- M1, The Crab Nebula: October 22, 2012
- M2, Messier’s First Globular Cluster: June 17, 2013
- M5, A Hyper-Smooth Globular Cluster: May 20, 2013
- M7, The Most Southerly Messier Object: July 8, 2013
- M8, The Lagoon Nebula: November 5, 2012
- M11, The Wild Duck Cluster: September 9, 2013
- M12, The Top-Heavy Gumball Globular: August 26, 2013
- M13, The Great Globular Cluster in Hercules: December 31, 2012
- M15, An Ancient Globular Cluster: November 12, 2012
- M18, A Well-Hidden, Young Star Cluster: August 5, 2013
- M20, The Youngest Star-Forming Region, The Trifid Nebula: May 6, 2013
- M21, A Baby Open Cluster in the Galactic Plane: June 24, 2013
- M25, A Dusty Open Cluster for Everyone: April 8, 2013
- M29, A Young Open Cluster in the Summer Triangle: June 3, 2013
- M30, A Straggling Globular Cluster: November 26, 2012
- M31, Andromeda, the Object that Opened Up the Universe: September 2, 2013
- M33, The Triangulum Galaxy: February 25, 2013
- M34, A Bright, Close Delight of the Winter Skies: October 14, 2013
- M37, A Rich Open Star Cluster: December 3, 2012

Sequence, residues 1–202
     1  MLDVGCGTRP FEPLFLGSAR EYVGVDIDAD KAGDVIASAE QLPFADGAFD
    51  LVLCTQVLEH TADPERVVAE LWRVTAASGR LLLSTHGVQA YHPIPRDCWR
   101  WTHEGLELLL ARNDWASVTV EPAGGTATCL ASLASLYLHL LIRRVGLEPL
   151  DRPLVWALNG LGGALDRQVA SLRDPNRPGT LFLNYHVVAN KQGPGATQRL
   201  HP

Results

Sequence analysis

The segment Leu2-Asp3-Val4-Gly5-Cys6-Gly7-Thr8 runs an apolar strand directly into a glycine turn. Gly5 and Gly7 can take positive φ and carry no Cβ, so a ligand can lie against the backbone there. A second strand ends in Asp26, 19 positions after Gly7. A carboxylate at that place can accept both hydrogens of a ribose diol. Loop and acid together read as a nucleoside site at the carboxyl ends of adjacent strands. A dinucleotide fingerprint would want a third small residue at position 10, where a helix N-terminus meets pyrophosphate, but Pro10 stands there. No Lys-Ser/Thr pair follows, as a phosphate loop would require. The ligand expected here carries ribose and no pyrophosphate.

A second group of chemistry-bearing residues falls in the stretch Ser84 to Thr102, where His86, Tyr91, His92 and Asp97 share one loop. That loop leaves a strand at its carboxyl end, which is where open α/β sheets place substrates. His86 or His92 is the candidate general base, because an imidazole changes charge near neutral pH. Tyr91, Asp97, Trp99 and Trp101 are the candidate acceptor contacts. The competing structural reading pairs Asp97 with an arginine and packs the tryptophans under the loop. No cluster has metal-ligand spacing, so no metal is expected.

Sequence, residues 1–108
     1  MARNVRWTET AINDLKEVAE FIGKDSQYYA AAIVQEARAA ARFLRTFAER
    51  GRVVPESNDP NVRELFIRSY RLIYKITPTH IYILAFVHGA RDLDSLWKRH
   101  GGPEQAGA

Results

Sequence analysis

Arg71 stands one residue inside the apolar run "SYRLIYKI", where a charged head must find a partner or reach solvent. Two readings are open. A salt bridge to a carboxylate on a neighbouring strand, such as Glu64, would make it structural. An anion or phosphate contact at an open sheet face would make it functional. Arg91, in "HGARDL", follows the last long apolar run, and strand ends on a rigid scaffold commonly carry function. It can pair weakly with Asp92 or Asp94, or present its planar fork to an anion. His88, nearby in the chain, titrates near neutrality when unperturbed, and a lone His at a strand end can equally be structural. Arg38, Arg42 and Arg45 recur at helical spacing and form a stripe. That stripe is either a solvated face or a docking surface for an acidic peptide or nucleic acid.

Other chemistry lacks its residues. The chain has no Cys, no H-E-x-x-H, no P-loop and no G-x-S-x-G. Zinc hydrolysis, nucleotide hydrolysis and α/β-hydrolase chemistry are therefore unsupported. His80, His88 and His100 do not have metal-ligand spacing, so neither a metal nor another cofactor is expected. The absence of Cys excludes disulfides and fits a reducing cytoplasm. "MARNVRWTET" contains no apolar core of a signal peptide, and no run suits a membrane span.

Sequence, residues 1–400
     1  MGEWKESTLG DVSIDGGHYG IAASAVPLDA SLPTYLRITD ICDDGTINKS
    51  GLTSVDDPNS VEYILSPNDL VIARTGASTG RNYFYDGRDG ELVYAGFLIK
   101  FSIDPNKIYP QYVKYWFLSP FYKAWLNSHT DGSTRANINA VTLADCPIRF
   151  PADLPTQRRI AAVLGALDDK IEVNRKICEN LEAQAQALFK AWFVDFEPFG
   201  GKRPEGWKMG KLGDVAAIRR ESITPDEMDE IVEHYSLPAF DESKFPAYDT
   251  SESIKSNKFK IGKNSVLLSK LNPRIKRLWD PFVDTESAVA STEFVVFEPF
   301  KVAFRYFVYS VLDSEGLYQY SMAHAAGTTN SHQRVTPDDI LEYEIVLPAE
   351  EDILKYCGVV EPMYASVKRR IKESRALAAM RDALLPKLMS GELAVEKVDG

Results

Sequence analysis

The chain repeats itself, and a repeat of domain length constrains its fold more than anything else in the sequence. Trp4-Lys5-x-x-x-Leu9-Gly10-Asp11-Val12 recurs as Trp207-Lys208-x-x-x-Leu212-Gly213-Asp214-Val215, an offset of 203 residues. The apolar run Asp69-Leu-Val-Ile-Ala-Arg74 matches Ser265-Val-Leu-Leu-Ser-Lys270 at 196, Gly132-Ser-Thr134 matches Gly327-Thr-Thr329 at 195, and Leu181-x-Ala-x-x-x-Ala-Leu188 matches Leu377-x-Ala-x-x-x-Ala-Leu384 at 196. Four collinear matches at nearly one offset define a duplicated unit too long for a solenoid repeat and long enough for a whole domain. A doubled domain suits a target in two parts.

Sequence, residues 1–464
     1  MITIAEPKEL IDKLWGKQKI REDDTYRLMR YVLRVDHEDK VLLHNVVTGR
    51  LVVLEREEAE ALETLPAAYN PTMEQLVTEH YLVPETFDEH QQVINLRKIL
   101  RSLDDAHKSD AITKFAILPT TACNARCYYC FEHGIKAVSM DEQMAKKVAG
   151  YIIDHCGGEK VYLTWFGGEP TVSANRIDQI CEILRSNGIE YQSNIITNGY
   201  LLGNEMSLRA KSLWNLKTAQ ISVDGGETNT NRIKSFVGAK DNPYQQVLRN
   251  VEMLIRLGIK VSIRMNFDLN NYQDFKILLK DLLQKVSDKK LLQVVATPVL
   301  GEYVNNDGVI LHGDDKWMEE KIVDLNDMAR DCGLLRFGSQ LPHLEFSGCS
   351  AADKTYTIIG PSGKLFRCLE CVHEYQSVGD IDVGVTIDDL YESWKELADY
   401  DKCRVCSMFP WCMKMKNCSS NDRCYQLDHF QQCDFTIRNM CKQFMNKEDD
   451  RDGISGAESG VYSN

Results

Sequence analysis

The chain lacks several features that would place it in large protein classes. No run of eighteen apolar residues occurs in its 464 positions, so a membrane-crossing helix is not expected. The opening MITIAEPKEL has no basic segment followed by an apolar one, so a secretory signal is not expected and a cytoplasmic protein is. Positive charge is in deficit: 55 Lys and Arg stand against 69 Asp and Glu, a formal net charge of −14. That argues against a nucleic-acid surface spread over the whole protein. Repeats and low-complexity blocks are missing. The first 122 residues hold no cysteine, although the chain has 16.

- M38, A Real-Life Pi-in-the-Sky Cluster: April 29, 2013
- M40, Messier’s Greatest Mistake: April 1, 2013
- M41, The Dog Star’s Secret Neighbor: January 7, 2013
- M44, The Beehive Cluster / Praesepe: December 24, 2012
- M45, The Pleiades: October 29, 2012
- M48, A Lost-and-Found Star Cluster: February 11, 2013
- M51, The Whirlpool Galaxy: April 15th, 2013
- M52, A Star Cluster on the Bubble: March 4, 2013
- M53, The Most Northern Galactic Globular: February 18, 2013
- M56, The Methuselah of Messier Objects: August 12, 2013
- M57, The Ring Nebula: July 1, 2013
- M60, The Gateway Galaxy to Virgo: February 4, 2013
- M65, The First Messier Supernova of 2013: March 25, 2013
- M67, Messier’s Oldest Open Cluster: January 14, 2013
- M71, A Very Unusual Globular Cluster: July 15, 2013
- M72, A Diffuse, Distant Globular at the End-of-the-Marathon: March 18, 2013
- M73, A Four-Star Controversy Resolved: October 21, 2013
- M74, The Phantom Galaxy at the Beginning-of-the-Marathon: March 11, 2013
- M75, The Most Concentrated Messier Globular: September 23, 2013
- M77, A Secretly Active Spiral Galaxy: October 7, 2013
- M78, A Reflection Nebula: December 10, 2012
- M81, Bode’s Galaxy: November 19, 2012
- M82, The Cigar Galaxy: May 13, 2013
- M83, The Southern Pinwheel Galaxy, January 21, 2013
- M86, The Most Blueshifted Messier Object, June 10, 2013
- M92, The Second Greatest Globular in Hercules, April 22, 2013